In the centre there’s the Royal Coat of Arms, measuring 5 feet in diameter. On both sides of that design the rest of the floor is basically symmetrical, along the length of the hall. Within those two areas are found: the Liverpool Coat of Arms; the Star of St George; the Rose; the Thistle; and the Shamrock. I’m afraid for the Welsh there is nothing, even though the Welsh had a huge influence on the early development of Liverpool and it’s more than likely that many of the men working on the site would have been Welsh, the building trades being where they tended to gravitate. Between these picture designs there are large swirling arcs which are made up of flower designs and filling the gaps geometric designs following a regular patter. At both ends of the hall there are semi-circles that have the face of Neptune at the apex and on both sides are sea satires and nymphs in amorous embrace, together with dolphins and other sea creatures. The dominant colours are buff, brown and blue.

To give an idea of how the tiles were made I can do no better than reproduce a description from one of the local Liverpool newspapers which carried a long story about the Hall at the time of its opening in 1854:

The antique practise of tile making, as appears from the existing remains of ancient works, confined the manufacture of the use of few colours or tints. The method commonly used seems to have been this: – A piece of well tampered clay having been prepared, of a proper size (usually about six inches square and one inch in thickness), a die, having some ornament in relievo was pressed upon it, the indented pattern thus produced was then filled in with clay of some other colour, generally white, the tile was then covered with a metallic glaze, which imparted to the ground (usually red) a deeper and richer colour, and gave the white ornament a yellowish hue. These tiles were often arranged in sets of 4, 16, or more, and sometimes intersected with bands of plain tiles, of a self colour, such as black, red and white, and frequently displayed great geometrical skill and beauty of effect. Good examples may be seen in the churches of St Denis and St Omer, in France, and specimens from the abbeys of Juvaulux, Westminster, and other buildings in England. The modern process of encaustic tile making, as adopted by Messers MINTON, HOLLINS and Co, enables them to produce not only a far greater variety and brilliance of colour in the general effect of a pavement, but admits of several colours being placed upon a single tile, thus producing a soft effect of fine mosaic work, in a much more durable and less expensive material.

From The Liverpool Mercury, September 19th, 1854

In the more distant past the floor was only uncovered at very long intervals, 10 years or more, but it looks like this event has set to become an annual affair.

There have been suggestions to try and construct a glass floor over at least a part of the sunken area but so far they have come to nought. And anyway that might allow an understanding of the skill of the craftsmen and the beauty of the design but not of its scale, which can only be appreciated when fully uncovered. To keep the floor on permanent display would bring into conflict the preservation of a unique architectural attribute with the desire to use a major City Centre public indoor space.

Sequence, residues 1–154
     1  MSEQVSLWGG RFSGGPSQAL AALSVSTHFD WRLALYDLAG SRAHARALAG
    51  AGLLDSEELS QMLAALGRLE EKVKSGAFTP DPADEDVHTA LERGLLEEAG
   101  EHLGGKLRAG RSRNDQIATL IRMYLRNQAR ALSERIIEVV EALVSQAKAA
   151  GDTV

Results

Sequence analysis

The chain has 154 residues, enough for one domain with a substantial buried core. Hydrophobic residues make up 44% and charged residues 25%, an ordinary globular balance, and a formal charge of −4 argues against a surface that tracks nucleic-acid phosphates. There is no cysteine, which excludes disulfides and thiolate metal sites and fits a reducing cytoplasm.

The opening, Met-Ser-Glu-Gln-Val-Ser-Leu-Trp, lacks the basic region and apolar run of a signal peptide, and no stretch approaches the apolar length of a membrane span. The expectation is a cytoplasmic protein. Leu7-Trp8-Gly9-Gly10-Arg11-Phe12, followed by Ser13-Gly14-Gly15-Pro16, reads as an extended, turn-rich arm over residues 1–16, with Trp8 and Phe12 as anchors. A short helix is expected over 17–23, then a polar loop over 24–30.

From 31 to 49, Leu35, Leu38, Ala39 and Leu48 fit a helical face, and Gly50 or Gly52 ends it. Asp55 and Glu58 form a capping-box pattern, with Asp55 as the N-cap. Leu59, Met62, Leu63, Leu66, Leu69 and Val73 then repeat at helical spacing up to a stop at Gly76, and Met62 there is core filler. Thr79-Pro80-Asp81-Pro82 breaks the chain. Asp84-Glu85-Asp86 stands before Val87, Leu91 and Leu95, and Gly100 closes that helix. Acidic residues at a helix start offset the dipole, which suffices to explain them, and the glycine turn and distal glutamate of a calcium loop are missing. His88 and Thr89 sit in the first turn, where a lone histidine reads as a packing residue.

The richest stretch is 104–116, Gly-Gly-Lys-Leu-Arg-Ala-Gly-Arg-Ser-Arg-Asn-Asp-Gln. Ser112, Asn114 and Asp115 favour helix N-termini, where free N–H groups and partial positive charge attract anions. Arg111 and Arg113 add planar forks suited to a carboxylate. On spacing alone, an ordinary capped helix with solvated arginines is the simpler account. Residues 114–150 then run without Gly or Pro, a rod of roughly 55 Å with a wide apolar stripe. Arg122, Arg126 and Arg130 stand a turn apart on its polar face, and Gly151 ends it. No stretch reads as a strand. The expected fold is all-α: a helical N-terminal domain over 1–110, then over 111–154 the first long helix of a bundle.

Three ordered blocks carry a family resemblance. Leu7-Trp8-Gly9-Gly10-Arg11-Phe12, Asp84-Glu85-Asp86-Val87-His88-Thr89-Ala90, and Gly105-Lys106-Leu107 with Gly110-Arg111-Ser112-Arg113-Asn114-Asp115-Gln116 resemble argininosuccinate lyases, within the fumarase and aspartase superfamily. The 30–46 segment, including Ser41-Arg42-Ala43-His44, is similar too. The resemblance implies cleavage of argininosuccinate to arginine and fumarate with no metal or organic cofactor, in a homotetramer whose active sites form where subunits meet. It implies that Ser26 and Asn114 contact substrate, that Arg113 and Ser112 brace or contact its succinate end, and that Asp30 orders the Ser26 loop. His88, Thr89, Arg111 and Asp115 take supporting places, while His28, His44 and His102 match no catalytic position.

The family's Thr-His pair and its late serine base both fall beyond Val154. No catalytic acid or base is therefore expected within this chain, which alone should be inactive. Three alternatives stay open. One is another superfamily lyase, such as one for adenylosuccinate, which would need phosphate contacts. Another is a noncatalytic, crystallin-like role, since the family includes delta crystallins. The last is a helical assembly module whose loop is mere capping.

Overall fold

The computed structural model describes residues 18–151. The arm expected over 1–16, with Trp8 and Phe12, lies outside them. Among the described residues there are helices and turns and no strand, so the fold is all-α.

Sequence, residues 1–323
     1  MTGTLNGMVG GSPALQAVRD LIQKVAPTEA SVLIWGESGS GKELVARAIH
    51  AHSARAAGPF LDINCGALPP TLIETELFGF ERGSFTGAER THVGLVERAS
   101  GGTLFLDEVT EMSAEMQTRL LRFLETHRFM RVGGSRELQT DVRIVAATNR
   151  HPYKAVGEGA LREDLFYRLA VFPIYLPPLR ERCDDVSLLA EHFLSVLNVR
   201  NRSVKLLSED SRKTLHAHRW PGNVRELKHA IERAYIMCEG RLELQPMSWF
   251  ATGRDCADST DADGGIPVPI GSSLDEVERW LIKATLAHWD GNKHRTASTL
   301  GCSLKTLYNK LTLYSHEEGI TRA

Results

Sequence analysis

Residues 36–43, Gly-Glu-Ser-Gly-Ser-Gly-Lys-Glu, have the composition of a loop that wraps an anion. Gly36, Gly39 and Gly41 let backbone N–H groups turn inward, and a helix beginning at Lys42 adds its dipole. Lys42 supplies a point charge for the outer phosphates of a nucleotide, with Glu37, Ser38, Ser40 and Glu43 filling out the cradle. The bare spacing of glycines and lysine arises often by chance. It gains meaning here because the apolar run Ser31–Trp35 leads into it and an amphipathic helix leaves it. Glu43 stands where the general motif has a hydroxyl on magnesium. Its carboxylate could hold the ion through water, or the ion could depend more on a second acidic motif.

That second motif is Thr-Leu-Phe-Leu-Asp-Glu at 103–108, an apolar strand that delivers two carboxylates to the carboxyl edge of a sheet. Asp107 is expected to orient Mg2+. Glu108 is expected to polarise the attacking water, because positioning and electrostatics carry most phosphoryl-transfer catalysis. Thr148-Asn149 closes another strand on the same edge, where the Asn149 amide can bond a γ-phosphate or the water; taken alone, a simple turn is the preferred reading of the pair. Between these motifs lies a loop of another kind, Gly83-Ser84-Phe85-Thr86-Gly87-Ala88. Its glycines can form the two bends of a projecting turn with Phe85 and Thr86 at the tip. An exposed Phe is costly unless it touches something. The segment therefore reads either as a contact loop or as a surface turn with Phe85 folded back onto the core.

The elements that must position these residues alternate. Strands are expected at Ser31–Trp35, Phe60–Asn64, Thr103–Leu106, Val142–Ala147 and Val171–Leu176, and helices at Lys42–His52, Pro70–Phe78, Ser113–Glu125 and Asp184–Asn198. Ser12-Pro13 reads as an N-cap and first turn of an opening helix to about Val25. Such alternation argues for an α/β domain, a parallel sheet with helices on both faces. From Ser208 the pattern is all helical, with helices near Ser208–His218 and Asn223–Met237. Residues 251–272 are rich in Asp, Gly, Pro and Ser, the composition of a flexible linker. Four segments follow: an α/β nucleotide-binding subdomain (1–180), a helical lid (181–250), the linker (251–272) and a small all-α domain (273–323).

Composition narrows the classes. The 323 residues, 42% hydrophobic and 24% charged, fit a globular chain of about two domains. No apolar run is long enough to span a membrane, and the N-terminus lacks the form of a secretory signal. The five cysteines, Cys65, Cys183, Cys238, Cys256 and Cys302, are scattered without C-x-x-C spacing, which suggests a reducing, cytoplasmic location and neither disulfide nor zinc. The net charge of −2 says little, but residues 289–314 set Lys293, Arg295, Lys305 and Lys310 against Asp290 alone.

I hope the slide show below will provide an idea of what is hidden from view 48 weeks of the year.

Minton Tile Floor Reveal 2019

This year the floor will be uncovered between Thursday 1st and Monday 26th August 2019. Entrance is via the Heritage Centre on St John’s Lane from 10.00 – 17.00 everyday (but not Monday 19th August). Entrance to the Great Hall is £3.30 (under 16s normally get in free – but no information on webpage this year). This allows the visitor to get an overall view of the floor from the balcony.

There are opportunities to walk on the floor, obviously providing a closer view of the art work, as part of a guided tour. These will take place between 10.00-11.00 and 16.00-17.00 each day the floor is uncovered. In the past the demand has been so great that extra slots have been created – so check back of the ticket site for an updates if tours start to fill. Each group is limited to a maximum of 30 people. Only bookable online by visiting the TicketQuarter website. Tickets cost £13.20 per person. 

There’s another option to get a closer look at the floor if you book for the event known as ‘A Night on the Tiles’ which takes place on Thursdays, Fridays and Saturdays between Thursday 1st August and Saturday 24th August from 18.00 and 21.00. This allows you to walk on the floor, you get a class of something fizzy and costs £15.40 per person. Get all tickets in advance, online, at the TicketQuarter page. 

Update March 2021

The ‘reveal’ has become an, at least, annual event but this has been thrown into chaos with the pandemic. However, it will be safe to assume that once restrictions the pattern of opening will be resumed. Once details are known (perhaps towards the end of 2021) the updated information will be posted here.

Neptune and The Liver Bird - Concert Hall - St George's Hall - Liverpool

Neptune and The Liver Bird